Indonesia’s First Lady gets criticised for comment

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Ani“Stupid”. This was the comment left by the wife of Indonesian President Susilo Bambang Yudhoyono on October 18 after an exchange on the online photo-sharing social media service, Instagram.

Kristiani Yudhoyono is an avid user of Instagram, uploading hundreds of photographs, and getting tonnes of comments and “likes” for them. Kristiani uploaded a picture of her and her family wearing traditional batik clothes on a beach in the East Java district of Pacitan, the birthplace of her husband.

One of Kristiani’s followers by the user name @erie_nya wrote, “Batik is now worn everywhere, not only at official functions, but also at semi-official events, events for leisure.” That seems pretty tame, right? Discussing how batik clothing is worn at different functions whether formal or casual. But Kristiani took this as criticism, and struck back with harsh words.

“Oh my God, your comment is very stupid,” The First Lady spewed from her high horse. “Didn’t it occur to you that we were on an official visit and stopped briefly at the beach as we were passing by?”

“Don’t you have better things to say?” she added.

This angry reaction from the First Lady sparked many Indonesians to come to her defense on both Instagram and Twitter, while others went on to note of her disgusting comment.

“Maybe the First Lady needs to be educated about the correct use of social media. Pity the people,” a Twitter user going by the name @jungjawa said.

Yet, the deputy chairperson for Yudhoyono’s Democratic Party rushed to Kristiani’s side, defending her, stating, “Why can’t she speak her mind?” Nurhayati Assegaf said to Kompas daily. “She should be commended for showing that she’s just an ordinary human being.”

Right, because nothing is more worthy of being commended than showing rudeness.

Was it really criticism to note when batik clothing is worn? Did Kristiani overreact to such a neutral comment? Of course, why not soften such harsh words by having other officials state that that type of behaviour is that of “an ordinary human being.” It’s fine, no worries.

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Reading Time: 2 minutes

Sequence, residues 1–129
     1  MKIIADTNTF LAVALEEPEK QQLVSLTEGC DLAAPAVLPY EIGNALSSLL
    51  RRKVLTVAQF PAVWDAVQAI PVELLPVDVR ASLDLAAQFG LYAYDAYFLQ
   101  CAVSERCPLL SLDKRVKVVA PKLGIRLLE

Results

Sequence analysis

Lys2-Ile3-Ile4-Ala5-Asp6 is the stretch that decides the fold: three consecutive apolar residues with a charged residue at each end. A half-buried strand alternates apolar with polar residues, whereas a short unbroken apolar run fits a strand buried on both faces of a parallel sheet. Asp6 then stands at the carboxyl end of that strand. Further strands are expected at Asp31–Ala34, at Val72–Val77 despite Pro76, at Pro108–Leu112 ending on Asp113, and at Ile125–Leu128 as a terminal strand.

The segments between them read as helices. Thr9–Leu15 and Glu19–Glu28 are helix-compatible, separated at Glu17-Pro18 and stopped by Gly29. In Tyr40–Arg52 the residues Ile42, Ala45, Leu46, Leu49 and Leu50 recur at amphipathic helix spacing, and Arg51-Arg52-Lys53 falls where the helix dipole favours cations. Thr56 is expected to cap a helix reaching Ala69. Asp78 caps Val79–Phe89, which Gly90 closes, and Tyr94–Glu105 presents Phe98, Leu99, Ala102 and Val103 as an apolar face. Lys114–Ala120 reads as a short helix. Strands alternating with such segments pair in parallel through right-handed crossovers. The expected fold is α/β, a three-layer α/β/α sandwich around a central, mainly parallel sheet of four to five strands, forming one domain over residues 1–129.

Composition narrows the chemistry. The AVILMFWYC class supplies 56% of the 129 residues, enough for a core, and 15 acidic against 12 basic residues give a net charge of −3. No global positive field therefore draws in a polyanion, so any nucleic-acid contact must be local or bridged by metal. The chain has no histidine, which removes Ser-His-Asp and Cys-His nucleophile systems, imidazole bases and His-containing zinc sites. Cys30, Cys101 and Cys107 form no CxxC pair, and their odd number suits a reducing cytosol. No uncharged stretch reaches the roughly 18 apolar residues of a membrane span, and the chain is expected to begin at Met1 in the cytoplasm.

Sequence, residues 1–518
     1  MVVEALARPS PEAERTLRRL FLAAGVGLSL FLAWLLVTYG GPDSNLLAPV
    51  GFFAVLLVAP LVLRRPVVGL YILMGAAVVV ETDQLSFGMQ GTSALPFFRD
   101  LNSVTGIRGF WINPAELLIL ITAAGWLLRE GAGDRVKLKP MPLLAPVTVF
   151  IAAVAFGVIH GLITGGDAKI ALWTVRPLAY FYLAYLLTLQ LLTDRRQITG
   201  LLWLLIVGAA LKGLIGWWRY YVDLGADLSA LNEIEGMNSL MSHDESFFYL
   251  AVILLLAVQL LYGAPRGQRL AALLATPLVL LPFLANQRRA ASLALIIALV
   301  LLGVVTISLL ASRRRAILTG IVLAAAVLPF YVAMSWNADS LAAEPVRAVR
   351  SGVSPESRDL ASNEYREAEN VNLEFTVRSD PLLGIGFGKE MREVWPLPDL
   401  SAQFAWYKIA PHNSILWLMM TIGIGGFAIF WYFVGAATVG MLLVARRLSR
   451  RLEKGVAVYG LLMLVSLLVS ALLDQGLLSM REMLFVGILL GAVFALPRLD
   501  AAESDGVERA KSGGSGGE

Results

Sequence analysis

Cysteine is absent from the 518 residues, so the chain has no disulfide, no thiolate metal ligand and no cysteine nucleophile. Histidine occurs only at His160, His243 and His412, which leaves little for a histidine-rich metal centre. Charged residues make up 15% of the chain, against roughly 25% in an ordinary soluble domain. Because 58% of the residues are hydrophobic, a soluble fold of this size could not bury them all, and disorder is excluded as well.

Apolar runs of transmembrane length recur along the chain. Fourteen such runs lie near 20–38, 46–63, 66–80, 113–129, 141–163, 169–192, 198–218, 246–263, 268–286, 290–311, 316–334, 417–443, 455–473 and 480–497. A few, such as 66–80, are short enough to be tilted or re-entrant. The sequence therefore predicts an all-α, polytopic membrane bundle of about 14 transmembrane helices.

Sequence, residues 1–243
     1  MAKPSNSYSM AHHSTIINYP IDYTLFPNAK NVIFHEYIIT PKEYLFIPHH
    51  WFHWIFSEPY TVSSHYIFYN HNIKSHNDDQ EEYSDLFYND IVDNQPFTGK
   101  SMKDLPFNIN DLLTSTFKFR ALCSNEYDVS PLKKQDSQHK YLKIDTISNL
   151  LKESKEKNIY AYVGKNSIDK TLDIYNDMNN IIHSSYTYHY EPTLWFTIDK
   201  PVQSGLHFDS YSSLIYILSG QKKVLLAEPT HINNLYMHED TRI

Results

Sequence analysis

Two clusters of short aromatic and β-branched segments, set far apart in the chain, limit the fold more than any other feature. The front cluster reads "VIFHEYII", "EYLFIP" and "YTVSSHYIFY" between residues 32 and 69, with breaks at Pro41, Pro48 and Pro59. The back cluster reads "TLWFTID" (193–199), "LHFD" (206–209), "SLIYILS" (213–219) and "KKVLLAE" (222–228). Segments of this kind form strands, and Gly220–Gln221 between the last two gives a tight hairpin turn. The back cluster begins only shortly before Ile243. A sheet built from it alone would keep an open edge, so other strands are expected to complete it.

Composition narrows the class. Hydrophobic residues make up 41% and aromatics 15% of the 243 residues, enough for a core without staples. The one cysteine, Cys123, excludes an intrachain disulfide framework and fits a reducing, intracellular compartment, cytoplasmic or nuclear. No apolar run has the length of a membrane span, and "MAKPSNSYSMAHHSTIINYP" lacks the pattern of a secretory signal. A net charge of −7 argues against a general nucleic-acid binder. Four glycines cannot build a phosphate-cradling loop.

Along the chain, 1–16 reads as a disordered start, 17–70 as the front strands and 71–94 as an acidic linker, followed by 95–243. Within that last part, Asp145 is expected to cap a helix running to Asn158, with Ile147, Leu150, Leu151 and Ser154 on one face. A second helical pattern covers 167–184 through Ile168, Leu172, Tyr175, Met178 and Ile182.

“Stupid”. This was the comment left by the wife of Indonesian President Susilo Bambang Yudhoyono on October 18 after an exchange on the online photo-sharing social media service, Instagram.

Reading Time: 2 minutes

Ani“Stupid”. This was the comment left by the wife of Indonesian President Susilo Bambang Yudhoyono on October 18 after an exchange on the online photo-sharing social media service, Instagram.

Kristiani Yudhoyono is an avid user of Instagram, uploading hundreds of photographs, and getting tonnes of comments and “likes” for them. Kristiani uploaded a picture of her and her family wearing traditional batik clothes on a beach in the East Java district of Pacitan, the birthplace of her husband.

One of Kristiani’s followers by the user name @erie_nya wrote, “Batik is now worn everywhere, not only at official functions, but also at semi-official events, events for leisure.” That seems pretty tame, right? Discussing how batik clothing is worn at different functions whether formal or casual. But Kristiani took this as criticism, and struck back with harsh words.

“Oh my God, your comment is very stupid,” The First Lady spewed from her high horse. “Didn’t it occur to you that we were on an official visit and stopped briefly at the beach as we were passing by?”

“Don’t you have better things to say?” she added.

This angry reaction from the First Lady sparked many Indonesians to come to her defense on both Instagram and Twitter, while others went on to note of her disgusting comment.

“Maybe the First Lady needs to be educated about the correct use of social media. Pity the people,” a Twitter user going by the name @jungjawa said.

Yet, the deputy chairperson for Yudhoyono’s Democratic Party rushed to Kristiani’s side, defending her, stating, “Why can’t she speak her mind?” Nurhayati Assegaf said to Kompas daily. “She should be commended for showing that she’s just an ordinary human being.”

Right, because nothing is more worthy of being commended than showing rudeness.

Was it really criticism to note when batik clothing is worn? Did Kristiani overreact to such a neutral comment? Of course, why not soften such harsh words by having other officials state that that type of behaviour is that of “an ordinary human being.” It’s fine, no worries.

Do you like this post?
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